Fire blooms in the basin floor. It left behind charred remnants, planted still in the Earth. A raging inferno, razing the land, scorched remains, skeletons of once living trees. But from death comes rebirth, and once more the basin is green. It feels alive and breathing, as the wind winds through the canyon walls. Tall reeds rustle and dance, a beautiful symphony performed by the hands of Mother Nature. Three people crash into scene, a discordant note marring the otherwise perfect composition. They attempt to understand what it is, how it came to be. Suddenly a violent explosion of orange on the crest of the cliff above; the unaware travelers continue along in the sights of two hunting rifles.
“Those don’t look like deer, Frank,” one hunter drawled, lowering his rifle.
“Out here in the arid rolling prairies… meat is meat, hand me my silencer.”
Fred reached into his bag, withdrawing the silencer he extended it towards Frank, hand trembling. “Are… are you sure about this Frank?” he squeaked, terror overtaking his body.
“There can be no other way,” Frank said, “or the great waters will come over the falls once more.”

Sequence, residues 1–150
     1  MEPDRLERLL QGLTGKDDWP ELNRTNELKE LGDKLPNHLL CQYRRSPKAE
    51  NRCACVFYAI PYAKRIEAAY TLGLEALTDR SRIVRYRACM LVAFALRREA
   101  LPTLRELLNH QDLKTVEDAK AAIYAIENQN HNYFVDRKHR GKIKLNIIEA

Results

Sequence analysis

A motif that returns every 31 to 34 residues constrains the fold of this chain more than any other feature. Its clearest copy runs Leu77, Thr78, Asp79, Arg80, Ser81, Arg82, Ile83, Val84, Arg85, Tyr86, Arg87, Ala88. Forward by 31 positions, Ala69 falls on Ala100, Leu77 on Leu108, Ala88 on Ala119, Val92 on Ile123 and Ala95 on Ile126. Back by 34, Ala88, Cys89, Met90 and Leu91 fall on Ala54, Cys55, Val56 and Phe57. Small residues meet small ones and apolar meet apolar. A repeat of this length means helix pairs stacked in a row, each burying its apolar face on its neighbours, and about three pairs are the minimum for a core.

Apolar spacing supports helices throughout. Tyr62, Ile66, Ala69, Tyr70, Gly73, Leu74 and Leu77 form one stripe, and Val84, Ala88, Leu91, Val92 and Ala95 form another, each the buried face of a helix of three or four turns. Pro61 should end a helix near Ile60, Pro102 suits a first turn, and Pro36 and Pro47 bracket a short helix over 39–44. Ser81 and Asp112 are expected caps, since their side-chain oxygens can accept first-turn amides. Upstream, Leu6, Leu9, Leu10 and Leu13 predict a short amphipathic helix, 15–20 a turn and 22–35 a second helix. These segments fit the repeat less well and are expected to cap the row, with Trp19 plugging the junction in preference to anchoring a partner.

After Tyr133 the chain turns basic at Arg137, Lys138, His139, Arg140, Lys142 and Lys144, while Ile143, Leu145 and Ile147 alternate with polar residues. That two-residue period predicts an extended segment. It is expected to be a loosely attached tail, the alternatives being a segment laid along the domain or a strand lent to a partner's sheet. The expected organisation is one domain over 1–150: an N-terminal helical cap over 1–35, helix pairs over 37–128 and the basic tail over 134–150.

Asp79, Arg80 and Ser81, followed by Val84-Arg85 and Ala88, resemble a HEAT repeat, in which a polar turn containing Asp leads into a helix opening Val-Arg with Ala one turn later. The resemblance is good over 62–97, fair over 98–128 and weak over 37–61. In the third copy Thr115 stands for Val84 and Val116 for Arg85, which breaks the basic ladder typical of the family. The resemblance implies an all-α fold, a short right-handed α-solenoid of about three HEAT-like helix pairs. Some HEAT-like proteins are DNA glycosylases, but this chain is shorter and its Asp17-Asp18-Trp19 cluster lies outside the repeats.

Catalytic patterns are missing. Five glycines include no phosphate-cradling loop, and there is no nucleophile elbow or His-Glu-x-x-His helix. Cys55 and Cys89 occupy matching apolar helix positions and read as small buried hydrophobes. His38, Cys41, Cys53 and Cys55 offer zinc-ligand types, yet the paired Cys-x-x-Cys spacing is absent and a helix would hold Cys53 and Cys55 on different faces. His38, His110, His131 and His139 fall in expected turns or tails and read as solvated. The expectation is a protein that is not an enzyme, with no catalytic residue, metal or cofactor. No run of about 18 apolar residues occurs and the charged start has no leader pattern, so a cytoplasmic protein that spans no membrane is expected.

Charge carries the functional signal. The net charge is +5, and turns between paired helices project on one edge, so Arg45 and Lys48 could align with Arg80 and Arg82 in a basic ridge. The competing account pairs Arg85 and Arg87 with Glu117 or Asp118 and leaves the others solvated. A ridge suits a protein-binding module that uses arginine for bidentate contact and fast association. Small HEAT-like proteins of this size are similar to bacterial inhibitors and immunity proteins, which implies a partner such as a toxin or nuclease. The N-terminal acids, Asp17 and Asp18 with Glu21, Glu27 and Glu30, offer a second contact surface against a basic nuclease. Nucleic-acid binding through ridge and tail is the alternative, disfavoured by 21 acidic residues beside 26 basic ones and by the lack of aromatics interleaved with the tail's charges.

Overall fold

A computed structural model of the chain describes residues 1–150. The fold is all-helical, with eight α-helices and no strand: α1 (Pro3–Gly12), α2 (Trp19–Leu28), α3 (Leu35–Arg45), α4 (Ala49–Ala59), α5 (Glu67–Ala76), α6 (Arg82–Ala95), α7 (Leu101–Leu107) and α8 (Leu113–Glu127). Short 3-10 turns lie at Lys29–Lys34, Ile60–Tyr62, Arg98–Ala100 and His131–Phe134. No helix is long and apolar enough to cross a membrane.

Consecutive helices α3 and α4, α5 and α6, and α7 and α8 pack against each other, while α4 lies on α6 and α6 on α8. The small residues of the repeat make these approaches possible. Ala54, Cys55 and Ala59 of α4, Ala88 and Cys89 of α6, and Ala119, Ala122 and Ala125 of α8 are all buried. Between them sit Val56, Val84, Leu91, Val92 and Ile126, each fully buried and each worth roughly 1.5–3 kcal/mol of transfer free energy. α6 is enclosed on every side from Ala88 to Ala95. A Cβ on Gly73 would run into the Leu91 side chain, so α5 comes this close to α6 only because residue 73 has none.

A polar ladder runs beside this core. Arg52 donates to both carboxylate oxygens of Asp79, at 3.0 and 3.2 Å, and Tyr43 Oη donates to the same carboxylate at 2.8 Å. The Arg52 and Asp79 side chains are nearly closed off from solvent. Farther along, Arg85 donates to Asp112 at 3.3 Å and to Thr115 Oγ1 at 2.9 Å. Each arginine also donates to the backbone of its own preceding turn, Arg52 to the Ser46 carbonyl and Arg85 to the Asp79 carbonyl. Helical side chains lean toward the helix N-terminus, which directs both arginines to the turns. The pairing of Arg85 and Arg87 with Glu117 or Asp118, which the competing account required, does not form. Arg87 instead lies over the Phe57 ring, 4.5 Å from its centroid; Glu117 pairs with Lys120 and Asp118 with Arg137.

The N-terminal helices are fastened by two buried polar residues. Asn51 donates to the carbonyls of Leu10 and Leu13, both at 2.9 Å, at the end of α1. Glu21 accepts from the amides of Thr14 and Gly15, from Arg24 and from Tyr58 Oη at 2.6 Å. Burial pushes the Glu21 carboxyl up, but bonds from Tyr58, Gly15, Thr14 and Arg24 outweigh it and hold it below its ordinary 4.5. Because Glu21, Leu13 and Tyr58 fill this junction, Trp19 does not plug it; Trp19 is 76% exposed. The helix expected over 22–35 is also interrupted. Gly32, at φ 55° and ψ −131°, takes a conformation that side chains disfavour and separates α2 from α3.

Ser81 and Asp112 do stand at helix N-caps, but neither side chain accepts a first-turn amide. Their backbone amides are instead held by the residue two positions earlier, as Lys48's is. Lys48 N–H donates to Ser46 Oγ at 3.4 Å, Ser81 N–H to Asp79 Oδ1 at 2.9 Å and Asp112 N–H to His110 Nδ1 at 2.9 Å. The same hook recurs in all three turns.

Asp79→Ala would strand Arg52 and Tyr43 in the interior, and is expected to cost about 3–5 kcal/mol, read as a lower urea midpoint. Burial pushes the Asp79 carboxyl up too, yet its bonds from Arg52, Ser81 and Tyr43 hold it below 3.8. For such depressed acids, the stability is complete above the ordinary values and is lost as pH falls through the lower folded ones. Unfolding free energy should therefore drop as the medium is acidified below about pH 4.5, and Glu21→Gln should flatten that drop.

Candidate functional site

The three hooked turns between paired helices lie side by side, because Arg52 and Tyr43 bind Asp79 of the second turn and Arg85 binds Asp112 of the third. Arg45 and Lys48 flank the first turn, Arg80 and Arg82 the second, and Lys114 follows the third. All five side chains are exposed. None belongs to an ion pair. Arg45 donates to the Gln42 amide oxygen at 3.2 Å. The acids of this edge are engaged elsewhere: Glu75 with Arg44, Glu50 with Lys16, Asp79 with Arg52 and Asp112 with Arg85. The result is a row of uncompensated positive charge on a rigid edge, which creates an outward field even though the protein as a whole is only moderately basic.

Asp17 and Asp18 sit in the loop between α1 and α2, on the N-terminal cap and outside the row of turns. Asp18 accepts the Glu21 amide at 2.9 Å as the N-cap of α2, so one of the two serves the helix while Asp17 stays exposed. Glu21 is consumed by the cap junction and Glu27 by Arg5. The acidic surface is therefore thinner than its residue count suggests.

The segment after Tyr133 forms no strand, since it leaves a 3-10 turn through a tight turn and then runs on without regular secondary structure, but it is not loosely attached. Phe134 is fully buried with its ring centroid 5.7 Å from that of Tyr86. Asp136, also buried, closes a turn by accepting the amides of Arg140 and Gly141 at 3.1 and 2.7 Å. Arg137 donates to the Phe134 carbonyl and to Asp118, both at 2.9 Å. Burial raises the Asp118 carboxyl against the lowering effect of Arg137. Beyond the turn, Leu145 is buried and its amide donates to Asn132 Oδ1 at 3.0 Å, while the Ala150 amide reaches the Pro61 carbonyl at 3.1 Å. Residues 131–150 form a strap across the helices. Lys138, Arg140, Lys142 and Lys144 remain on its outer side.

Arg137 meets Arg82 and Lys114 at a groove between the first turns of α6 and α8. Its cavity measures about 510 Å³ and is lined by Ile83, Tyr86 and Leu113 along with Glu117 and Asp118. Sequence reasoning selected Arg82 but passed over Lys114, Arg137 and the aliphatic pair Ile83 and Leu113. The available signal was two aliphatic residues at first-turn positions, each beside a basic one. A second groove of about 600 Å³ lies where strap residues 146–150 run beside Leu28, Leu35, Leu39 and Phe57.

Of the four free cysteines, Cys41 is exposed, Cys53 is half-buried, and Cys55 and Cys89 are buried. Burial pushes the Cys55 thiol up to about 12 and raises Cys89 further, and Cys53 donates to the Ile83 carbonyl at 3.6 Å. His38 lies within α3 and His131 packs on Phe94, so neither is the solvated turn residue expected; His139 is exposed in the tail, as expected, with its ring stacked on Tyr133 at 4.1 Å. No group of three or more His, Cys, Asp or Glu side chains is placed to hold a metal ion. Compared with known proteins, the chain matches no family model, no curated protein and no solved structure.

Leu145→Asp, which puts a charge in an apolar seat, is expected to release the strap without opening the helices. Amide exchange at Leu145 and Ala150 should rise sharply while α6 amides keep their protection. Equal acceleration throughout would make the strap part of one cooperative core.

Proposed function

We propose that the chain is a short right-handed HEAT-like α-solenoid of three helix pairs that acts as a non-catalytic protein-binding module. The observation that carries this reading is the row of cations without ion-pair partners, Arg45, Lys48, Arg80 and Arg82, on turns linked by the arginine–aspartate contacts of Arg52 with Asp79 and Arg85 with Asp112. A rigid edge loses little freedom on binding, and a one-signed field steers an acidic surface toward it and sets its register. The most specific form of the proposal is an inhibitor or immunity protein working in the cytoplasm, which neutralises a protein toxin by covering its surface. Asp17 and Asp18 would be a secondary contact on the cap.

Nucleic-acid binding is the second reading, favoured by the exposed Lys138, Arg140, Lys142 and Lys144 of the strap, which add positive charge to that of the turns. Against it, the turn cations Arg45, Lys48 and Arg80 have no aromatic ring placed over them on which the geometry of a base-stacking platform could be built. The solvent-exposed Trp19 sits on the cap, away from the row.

“STOP!” yelled a collective unconscious, freezing the would-be assassins in their thoughts.
“You shall not harm these men,” spoke the force emanating from a place called Dry Falls. “You have encroached upon the land for a final time. Destroying the hoofed grazers for selfish gain, this place is NOT YOUR PLACE. These men you see accepted me, allowed me entrance into their beings. Your guns will do them no harm. They are protected by me, for I am them. They are as much a part of this place as this place is a part of them. Leave now, poachers, or you shall see your death among the scorched ground below.”
The unsuspecting men below continue to write, ignorant of the conflict high above.
“Did you just feel that raindrop…?” one man asks the other.
An explosion of the senses from fresh rain, new smells and colors erupt from the surroundings, an overwhelming experience rinsing away the fear created by the now retreating hunters.
“Yeah, that’s rain. We’d better get ready to head back soon,” one says, but continues to write.
“This waterproof paper is catching more than my field notes,” one laughs, “I think the hour hike back better begin soon.”
We sit in silence for a little while longer, allowing the beauty to seep in; a connection is felt. We begin to feel the place and become the place and know this is what we’ve been looking for. The three depart, leaving nothing behind but taking a part of the place within them.